As the last post said, I was discussing Macbeth with Karen 2 days ago and from there, I digressed to illustrate our digression. I seem to be chasing butterflies half the time. Well, so today I’m gonna talk about Shakespeare and Macbeth and expose some of the inconsistencies present. No writer/playwright/poet is perfect and I have my misses as well, so no offence to the good people of the Elizabethen (this how you spell it?) times and of course, our grand Shakespeare.

I chose Macbeth cos its my most thoroughly read script of Shakespeare. Was reading casually and stumbled upon some discrepancies. The first is just clarifications for readers.

1. Lady Macbeth planned everything to the details– even the bell to ring to signal that everything is right for Macbeth to kill, drugging the guards, framing them by smearing blood on their sleeves. Wouldn’t it be easier and safer for Lady Macbeth to drug Duncan at the banquet? I very well think she did. While Banquo was talking to Macbeth in Act 2 scene 2 (was it scene 2, I don’t have my book here now), he suggested that the King retired early.

Now, think about it this way: Does Lady Macbeth trust Macbeth? Of course not, we can see this through his pages-long soliloquy in which he fantasizes that with Duncan’s demise, Armageddon (death of natue) will ensue. And he kills for Lady Macbeth.

And I don’t believe that Macbeth killed Duncan, Lady Macbeth did. As Karen  kindly pointed out, Macbeth might have hallucinated the act. Shakespeare had his reasons for elision (acts taking place off-stage) giving allowance for that possiblity. I propse that Lady Macbeth drugged Duncan and Macbeth did stab him, when he was dead already.

You might think this ridiculous but it is in Lady Macbeth’s character to push blame somewhere else. In this case, she don’t want anyone to suspect her of killing, not even her husband, while ensuring that the King is really dead. The only way is the above. This also explains for the sudden motivation for her to get up and smear the blood on the guards’ sleeves, while checking that the King is really dead.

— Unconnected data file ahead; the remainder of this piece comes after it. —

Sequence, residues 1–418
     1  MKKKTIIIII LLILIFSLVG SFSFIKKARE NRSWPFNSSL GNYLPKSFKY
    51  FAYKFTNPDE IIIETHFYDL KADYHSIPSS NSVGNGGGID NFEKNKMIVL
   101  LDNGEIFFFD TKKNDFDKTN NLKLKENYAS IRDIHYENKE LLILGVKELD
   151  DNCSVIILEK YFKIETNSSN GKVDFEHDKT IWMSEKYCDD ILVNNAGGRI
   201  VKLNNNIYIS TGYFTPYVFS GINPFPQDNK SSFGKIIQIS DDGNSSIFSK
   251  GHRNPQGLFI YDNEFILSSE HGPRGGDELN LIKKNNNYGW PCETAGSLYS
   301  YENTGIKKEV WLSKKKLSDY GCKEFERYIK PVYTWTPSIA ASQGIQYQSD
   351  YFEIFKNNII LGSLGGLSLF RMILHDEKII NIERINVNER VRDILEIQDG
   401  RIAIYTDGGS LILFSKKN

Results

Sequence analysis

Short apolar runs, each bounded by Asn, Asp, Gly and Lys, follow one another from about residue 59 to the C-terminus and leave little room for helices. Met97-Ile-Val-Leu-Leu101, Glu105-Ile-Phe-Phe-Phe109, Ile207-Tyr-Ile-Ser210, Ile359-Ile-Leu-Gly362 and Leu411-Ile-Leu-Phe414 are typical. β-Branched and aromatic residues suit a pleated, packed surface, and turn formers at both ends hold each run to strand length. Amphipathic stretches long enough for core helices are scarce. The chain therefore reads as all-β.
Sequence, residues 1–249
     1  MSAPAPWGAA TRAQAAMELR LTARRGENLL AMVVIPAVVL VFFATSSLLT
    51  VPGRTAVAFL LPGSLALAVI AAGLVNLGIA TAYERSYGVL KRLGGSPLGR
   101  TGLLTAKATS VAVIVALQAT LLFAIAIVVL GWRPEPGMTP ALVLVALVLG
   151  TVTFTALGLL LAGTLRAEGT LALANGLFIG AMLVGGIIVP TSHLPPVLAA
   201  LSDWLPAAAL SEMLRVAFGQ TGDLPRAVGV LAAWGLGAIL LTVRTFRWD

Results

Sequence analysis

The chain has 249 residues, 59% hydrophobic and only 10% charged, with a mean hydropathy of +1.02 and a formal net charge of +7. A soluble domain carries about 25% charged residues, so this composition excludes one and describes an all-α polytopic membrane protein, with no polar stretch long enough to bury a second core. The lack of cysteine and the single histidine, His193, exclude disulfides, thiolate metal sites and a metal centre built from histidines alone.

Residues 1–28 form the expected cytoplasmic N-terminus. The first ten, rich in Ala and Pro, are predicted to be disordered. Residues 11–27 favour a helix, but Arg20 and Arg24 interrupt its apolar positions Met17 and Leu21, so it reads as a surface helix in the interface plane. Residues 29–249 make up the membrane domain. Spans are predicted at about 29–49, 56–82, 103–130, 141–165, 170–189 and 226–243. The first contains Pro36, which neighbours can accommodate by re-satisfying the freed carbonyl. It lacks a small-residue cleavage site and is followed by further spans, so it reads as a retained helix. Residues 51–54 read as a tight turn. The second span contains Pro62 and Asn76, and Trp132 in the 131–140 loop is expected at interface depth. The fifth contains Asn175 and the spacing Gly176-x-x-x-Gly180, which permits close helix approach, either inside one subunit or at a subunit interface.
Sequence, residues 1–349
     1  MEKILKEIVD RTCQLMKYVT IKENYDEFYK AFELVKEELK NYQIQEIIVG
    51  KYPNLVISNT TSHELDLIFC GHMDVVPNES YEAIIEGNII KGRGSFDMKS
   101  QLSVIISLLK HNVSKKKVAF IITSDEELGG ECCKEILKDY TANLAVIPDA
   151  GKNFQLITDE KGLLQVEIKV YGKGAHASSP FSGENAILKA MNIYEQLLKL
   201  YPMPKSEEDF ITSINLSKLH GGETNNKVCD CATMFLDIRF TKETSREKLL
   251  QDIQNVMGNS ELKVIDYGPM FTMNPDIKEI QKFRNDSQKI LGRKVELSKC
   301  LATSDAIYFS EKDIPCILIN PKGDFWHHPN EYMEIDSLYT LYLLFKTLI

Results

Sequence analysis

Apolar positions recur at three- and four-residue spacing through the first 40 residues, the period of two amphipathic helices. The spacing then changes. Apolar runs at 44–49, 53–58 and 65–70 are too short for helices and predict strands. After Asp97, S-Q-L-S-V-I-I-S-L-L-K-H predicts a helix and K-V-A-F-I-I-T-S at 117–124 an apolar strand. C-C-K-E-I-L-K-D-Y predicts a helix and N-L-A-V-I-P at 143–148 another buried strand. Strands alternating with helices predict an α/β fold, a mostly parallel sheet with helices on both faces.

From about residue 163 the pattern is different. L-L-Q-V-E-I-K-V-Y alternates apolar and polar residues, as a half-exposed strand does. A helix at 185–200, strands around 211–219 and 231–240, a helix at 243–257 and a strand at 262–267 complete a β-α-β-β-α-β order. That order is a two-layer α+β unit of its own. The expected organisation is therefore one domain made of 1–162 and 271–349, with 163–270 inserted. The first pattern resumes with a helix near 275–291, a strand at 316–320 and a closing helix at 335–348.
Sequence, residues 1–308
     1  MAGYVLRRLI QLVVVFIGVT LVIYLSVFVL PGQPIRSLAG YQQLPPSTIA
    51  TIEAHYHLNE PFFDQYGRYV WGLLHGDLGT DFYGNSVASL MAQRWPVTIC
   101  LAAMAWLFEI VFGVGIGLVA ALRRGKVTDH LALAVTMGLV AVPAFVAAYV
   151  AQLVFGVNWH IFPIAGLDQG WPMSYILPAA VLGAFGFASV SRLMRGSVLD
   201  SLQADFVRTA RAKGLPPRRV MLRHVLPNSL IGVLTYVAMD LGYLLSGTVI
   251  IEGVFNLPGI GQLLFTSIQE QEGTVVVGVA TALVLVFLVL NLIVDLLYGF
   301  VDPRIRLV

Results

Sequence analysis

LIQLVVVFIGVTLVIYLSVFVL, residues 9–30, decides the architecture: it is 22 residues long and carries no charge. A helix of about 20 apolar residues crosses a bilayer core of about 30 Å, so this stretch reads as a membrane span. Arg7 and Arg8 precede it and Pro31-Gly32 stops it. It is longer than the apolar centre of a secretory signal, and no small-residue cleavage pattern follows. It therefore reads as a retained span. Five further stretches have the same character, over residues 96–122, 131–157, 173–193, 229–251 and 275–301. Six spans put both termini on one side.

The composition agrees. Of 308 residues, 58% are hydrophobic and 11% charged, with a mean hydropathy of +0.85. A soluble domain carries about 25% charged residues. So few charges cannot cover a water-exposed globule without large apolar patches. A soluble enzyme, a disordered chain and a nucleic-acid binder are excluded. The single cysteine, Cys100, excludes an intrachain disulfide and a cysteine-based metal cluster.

Another justification is that Lady Macbeth plunges into guilt later on, something she’ll never sucuumb to if Macbth did the act. For all we know, she just uses Macbeth as a pawn and as karen and I joked– she, the supervisor and Macbeth, the odd-job worker. Murder solicited the same fate for Macbeth and his wife.

2. Banquo was originally characterised as this shrewd, cynical nobleman but when Macbeth is made King and invited him to the feast, while chipping questions on how he’s gonna spend his afternoon with Fleance, his son, Banquo turned literally an idiot. He had earlier suspected Macbeth of the murder, in fact he more than anyone else since he visited the witches with him and also brought a sword with him on the night of the crime in case macbeth turns on him.

Then why did he turn idiot while conversing with Macbeth– exact details about his afternoon ride. Karen suggested that he don’t want Macbeth to suspect him for suspecting Macbeth for the murder, but Banquo could have easily thrown Macbeth off-scent by saying that he’s having tea with some god-knows-what Lord or say he’s going hunting. This is incredulous and of course, Banquo is murdered there and then.

The only reason I can think of is that Shakespeare desperately wants Banquo to die, under Macbeth, opportune and neat before the feast.

3) I wonder why Malcom and Donalbein is still alive. Again, Macbeth seems to be playing fair. He is not supposed to. Especially the way he hired 3 murderers to kill good friend Banquo. He should be sneakish. And he allowed them to fly away and live while building up an army hundred times stronger than his while basking in the witches’ prophecies.

But Shakespeare has got to get the play going, so Malcom in particular should live.

4) Macbeth killed Macduff’s wife and children while sparing Macduff. Don’t the idiot know that this is one, useless, not preventing Macduff from waging war, and two, makes way for more revenge. Now it seems to us readers that Macduff is justified to kill Macbeth for he killed his family.


I pity Macbeth. He’s a puppet moved by the witches for entertainment and experiment and Lady Macbeth for royal status. Essentially, he did not kill for himself, he killed to fend for his first supposed murder. He feels this constant need to protect his interest and is paranoid and insecure. Will talk about this someday.

Good day!